Home » Understanding Sleep » Alcohol Consumption and Sleep

Alcohol Consumption and Sleep

Sleepline.com has spent thousands of hours researching and comparing products relating to sleep. We are serious about recommending the correct products for your individual needs. We take in more data points than just our own and encourage our users feedback. At times we are compensated for the links you click at no cost to you. Learn more on our disclosure page here.

Can’t sleep? Many people solve this problem easily with a nightcap and many believe their sleep is better when they drink. 

Sleep does come easy when you have a drink in the evening and you’ll sleep deeply in the first part of the night. Great, right? Science tells us that alcohol is actually not such a good solution – firstly because it reduces the REM stage and disrupts sleep in the second half of the night. Secondly, solving your sleep problems with alcohol night after night deletes the initial benefits and can easily lead to alcoholism. 

Here we discuss how alcohol affects sleep according to recent research.

Helpful links

  • Wine.com – The world’s largest selection of wine at your fingertips. Easily filter and sort unique bottles from all over the planet using a robust recommendation engine that matches you with the perfect bottle. Live chat with wine experts, the ability to peruse professional ratings, and a highly-rated mobile app make shopping for wine a pure joy – the way it should be. Use coupon code DRINK10.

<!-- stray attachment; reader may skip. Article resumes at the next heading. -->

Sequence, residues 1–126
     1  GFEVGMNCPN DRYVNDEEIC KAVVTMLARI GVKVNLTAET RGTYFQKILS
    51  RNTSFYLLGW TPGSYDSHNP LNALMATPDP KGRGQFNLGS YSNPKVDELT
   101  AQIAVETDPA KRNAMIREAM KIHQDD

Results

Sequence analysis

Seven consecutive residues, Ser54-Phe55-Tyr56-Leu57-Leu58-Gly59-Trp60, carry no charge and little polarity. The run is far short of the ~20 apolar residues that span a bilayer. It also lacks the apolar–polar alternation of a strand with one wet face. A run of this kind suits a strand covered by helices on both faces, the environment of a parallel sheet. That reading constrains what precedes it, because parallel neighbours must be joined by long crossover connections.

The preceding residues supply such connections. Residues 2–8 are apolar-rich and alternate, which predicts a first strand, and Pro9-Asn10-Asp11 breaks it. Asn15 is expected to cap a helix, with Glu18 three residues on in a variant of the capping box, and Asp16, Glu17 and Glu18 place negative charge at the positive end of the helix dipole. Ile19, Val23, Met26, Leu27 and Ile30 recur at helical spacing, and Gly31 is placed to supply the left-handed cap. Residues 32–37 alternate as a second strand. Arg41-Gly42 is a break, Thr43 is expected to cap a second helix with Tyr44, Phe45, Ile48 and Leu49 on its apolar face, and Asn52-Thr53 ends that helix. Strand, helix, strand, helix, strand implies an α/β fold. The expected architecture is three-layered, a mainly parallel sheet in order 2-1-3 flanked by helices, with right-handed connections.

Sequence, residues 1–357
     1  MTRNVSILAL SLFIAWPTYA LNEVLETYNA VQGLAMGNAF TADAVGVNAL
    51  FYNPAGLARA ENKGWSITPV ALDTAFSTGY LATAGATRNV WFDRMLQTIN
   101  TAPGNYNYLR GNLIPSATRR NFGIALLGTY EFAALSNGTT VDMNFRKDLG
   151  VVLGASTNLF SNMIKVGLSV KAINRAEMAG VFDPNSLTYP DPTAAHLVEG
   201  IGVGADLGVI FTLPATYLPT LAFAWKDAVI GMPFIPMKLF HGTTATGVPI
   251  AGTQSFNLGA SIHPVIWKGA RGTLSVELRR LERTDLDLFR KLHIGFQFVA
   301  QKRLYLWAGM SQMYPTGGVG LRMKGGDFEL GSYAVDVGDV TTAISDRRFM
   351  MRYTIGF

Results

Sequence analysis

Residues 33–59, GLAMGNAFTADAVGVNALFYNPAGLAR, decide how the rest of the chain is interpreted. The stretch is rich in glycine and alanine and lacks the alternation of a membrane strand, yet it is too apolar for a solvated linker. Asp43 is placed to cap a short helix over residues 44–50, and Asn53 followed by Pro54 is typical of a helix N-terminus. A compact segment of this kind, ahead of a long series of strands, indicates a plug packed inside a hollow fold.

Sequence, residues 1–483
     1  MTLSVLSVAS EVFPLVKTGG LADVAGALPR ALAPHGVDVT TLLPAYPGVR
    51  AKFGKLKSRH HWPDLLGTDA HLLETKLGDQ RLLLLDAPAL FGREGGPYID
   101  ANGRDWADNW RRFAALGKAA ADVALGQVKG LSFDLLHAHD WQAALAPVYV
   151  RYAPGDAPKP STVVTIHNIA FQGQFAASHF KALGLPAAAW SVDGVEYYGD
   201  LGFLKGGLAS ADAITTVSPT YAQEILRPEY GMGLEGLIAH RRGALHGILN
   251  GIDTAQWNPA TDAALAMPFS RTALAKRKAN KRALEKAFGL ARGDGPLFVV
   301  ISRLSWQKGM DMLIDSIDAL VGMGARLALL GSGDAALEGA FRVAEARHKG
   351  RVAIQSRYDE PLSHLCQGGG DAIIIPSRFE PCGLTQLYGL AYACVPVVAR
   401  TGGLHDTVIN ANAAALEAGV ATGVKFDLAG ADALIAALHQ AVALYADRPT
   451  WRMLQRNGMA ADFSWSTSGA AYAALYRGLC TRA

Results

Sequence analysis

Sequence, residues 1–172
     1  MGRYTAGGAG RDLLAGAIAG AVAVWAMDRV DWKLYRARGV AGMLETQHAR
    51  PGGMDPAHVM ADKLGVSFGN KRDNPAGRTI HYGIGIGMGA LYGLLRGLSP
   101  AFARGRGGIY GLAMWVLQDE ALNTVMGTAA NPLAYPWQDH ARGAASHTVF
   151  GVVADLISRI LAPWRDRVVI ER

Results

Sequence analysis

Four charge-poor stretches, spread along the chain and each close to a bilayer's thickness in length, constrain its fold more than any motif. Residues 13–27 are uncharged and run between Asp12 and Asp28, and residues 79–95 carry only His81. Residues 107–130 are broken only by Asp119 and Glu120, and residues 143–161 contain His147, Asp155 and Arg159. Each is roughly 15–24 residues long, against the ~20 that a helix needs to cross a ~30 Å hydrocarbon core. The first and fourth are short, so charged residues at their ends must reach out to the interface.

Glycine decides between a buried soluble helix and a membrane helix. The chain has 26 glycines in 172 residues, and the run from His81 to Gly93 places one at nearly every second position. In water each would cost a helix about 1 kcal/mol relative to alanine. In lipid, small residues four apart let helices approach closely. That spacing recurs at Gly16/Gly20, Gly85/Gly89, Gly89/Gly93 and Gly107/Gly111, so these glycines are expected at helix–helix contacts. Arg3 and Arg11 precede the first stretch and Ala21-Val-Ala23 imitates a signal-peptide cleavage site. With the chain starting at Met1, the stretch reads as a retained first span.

• Craft Beer Club – Get 12 of the finest craft beers available delivered straight to your doorstep every single month. Expand your palate and find undiscovered gems from America’s best microbreweries. Subscribe on a monthly, bimonthly, or quarterly basis and get a bonus gift when you click on this link.

How alcohol makes you sleepy

Alcohol has a similar effect as sleep deprivation in that it increases the amount of a substance called adenosine in the brain.

We get adenosine as ATP (energy source of cells) breaks down and the longer we are awake, the more adenosine is in our brain. Alcohol doesn’t allow our nerve cells to take up some of the adenosine so it increases in amounts and builds up outside of cells. High adenosine means we feel tired and can’t think clearly.

When we sleep our brain cells shrink allowing the bodily fluids to “wash away” all the substances that have accumulated. This refreshes or “reboots” the brain and prepares it for the demands of the next day. 

Alcohol increases adenosine, which makes you tired.

Resistance to sleep loss also means resistance to alcohol?

One study used the information from above to see how human cognition (thinking) was affected by sleep deprivation and alcohol separately. 

They found some people are simply not impaired by alcohol as others. Scientists can’t tell why this is so. What they did notice was that the same group of people who were more resistant to alcohol were also resistant to sleep loss, that is, after sleeping for only five hours or less their vigilance was still good.

The other group consisted of people who are vulnerable to sleep loss and alcohol. In fact, even after given the chance to recover they didn’t recover fully, unlike the resilient group who was perfectly fine after getting one night of recovery sleep.

Does alcohol shorten your sleep?

Frequent drinking is related to short sleep, although it is not clear whether short sleep causes people to drink more (probably to cure insomnia) or maybe drinking leads to short sleep. Some authors warn that alcohol as a sleep aid can lead to alcoholism as tolerance increases.